The gaze A more specifically Sartrean trope is the important of ‘the gaze’ and ‘the look’. Again, from the Martin book I know that Sartre was hyper-self-conscious from an early age of his appalling ugliness. Thus the act of looking is central in his fiction and his philosophy. People are engaged in an endless warfare of looking. To some extent people behave as they do because other people are watching: they want to conform to the watchers’ expectations or defy them but they can’t ignore them.

In another way, people watch and observe themselves acting and behaving, especially if there are mirrors around. So, in Huis Clos Estelle needs mirrors to reassure herself that she exists: she has six big mirrors in her house. But here, in the well-furnished room, there are no mirrors at all, not even hand mirrors. In a particular sequence she goes to put her lipstick on but has no way to see her reflection and so has to trust Inèz to tell her she’s doing it correctly. Except that half way through Inèz cruelly asks, what if I’m deceiving you? What if I’m deliberately making you look stupid? Which makes Estelle distraught but also clarifies how horrible life is going to be in hell where she will never be able to see herself. Already she feels herself, somehow, fading away…

[Estelle] When I can’t see myself I begin to wonder if I really and truly exist. I pat myself to make sure, but it doesn’t help much… When I talked to people I always made sure there was [a mirror] nearby in which I could see myself. I watched myself talking. And somehow it kept me alert, seeing myself as others saw me… (p.19)

And then again, people control and intimidate others through their gaze, as Inèz spitefully promises to watch Garcin wherever he goes, whatever he does:

[Inèz] Very well, have it your own way. I’m the weaker party, one against two. But don’t forget I’m here, and watching. I shan’t take my eyes off you, Garcin; when you’re kissing her, you’ll feel them boring into you…

In an interesting twist, that isn’t much reported in the summaries of the play I’ve read, all three characters can continue, for a while at least, to see how their partners and colleagues are continuing to live back on earth. Thus Estelle sees the mourners walking away from her funeral, while Garcin has a particularly vivid vision of all his colleagues at the newspaper lolling around and discussing what a coward he was. This makes him all the more want Estelle to SEE him, to bring him to the present with her gaze, to rescue from his inner consciousness with the power of her look.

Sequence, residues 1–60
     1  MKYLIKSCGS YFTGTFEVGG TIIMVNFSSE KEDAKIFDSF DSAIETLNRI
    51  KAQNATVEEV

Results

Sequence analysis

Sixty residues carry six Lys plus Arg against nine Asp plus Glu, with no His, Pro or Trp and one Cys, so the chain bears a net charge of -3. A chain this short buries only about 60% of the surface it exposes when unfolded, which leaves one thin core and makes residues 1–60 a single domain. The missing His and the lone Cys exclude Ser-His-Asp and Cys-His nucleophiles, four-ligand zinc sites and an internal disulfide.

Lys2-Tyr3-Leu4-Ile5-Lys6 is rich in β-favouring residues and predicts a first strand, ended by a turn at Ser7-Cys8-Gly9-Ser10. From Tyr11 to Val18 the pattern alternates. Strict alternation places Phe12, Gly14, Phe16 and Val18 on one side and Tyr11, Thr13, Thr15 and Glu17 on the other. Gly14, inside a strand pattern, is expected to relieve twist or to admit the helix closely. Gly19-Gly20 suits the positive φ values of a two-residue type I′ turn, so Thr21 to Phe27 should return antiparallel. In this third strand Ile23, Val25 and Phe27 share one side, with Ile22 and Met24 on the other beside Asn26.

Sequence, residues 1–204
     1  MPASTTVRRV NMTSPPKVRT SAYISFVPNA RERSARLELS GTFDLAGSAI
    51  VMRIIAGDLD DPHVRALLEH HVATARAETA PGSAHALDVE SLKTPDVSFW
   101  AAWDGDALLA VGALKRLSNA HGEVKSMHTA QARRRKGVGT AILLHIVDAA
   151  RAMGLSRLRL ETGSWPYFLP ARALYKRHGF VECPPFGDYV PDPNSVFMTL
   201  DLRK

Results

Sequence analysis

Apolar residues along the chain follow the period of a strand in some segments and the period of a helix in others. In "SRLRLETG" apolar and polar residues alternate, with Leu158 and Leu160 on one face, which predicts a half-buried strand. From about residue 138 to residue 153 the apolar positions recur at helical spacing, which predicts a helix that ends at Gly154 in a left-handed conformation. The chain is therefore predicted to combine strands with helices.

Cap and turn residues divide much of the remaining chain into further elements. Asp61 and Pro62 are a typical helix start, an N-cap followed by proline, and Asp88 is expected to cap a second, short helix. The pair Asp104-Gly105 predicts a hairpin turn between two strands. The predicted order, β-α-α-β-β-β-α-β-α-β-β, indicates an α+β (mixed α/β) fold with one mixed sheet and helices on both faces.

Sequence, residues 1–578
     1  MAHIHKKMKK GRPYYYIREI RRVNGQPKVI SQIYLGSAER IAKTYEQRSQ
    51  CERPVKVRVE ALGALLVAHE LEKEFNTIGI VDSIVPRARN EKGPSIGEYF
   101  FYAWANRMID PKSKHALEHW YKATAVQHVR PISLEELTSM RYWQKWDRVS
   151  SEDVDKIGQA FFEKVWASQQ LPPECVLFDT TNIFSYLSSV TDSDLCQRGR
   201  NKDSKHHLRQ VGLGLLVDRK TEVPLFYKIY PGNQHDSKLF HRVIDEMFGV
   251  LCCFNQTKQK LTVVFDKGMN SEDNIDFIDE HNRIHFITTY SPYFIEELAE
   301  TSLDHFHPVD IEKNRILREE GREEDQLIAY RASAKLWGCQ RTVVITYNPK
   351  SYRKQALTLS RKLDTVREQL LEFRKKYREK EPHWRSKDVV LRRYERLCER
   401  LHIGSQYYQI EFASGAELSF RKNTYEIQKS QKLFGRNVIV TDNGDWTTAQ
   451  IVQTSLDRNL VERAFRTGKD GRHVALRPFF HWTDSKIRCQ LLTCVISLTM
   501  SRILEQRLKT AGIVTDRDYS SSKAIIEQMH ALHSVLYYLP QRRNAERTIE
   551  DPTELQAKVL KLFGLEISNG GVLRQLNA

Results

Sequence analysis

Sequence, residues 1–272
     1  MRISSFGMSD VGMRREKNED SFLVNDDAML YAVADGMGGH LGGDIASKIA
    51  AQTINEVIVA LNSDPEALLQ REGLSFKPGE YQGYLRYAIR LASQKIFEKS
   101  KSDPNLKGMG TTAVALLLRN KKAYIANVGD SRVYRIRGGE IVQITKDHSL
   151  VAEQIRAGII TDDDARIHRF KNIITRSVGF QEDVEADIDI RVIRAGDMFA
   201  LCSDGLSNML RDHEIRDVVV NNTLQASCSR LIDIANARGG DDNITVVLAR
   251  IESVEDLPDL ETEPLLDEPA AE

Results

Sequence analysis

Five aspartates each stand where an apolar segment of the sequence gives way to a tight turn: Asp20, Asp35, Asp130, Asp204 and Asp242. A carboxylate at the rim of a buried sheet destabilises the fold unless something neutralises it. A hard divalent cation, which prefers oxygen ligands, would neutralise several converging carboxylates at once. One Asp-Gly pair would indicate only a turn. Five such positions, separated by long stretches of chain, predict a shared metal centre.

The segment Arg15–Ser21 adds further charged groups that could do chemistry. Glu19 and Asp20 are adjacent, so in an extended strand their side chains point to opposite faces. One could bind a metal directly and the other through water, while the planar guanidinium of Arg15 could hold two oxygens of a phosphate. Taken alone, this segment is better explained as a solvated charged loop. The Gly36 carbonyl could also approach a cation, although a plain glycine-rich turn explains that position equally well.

[Garcin] Come here, Estelle. Look at me. I want to feel someone looking at me while they’re talking about me on earth… (p.38)

Women as slimy It’s a small detail, really, but having read the four novels of The Roads to Freedom involved reading lots of descriptions of slime and mucus and vomit. Sartre wants to debunk the smoothness of the traditional ‘bourgeois’ novel by including lots of bodily functions, but also just likes being revolting. So it’s a small but telltale moment when Garcin, in despair, makes for the bell by the door (which doesn’t work), Estelle goes to hug him and tell him everything’s OK, and Garcin pushes her away with:

[Garcin] Go away. You’re even fouler than she. I won’t let myself get bogged in your eyes. You’re soft and slimy. Ugh! Like an octopus. Like a quagmire. (p.41)

Andy Martin, in his book on Camus and Sartre, says the threatening symbol of the octopus appears in a number of Sartre’s writings as the terrifying threat of being sucked in, absorbed and digested by other life forms, part of Sartre’s ‘biophobic tendency’. Like the tree whose boley roots almost give Roquentin a nervous breakdown in Nausea. Like women who threaten to drown and swallow men in their gloop.

The BBC TV adaptation

In which the staggering thing, almost impossible to overcome, is the breath-taking poshness of the actors, in particular the ludicrously upper-class voice of renowned playwright Harold Pinter, here playing Garcin. To some extent many of the moments, the phrasing, the thoughts and the similes only really make sense when voiced by essentially very restrained middle-class characters. My kids watch Breaking Bad and The Wire. I showed them a snippet of this and they fell about laughing.

Academics have to continue solemnly judging that this kind of thing is ‘a searing tragedy of the human condition’ and so on – while the rest of us, who live in normal-people-land, can actually relax and admit that the whole thing is pompously ridiculous.


Credit

Huis Clos was first performed in Paris in May 1944. This translation by Stuart Gilbert was published in Britain in 1946. All references are to the 1989 Vintage paperback edition.

Related links

Reviews of other books by Jean-Paul Sartre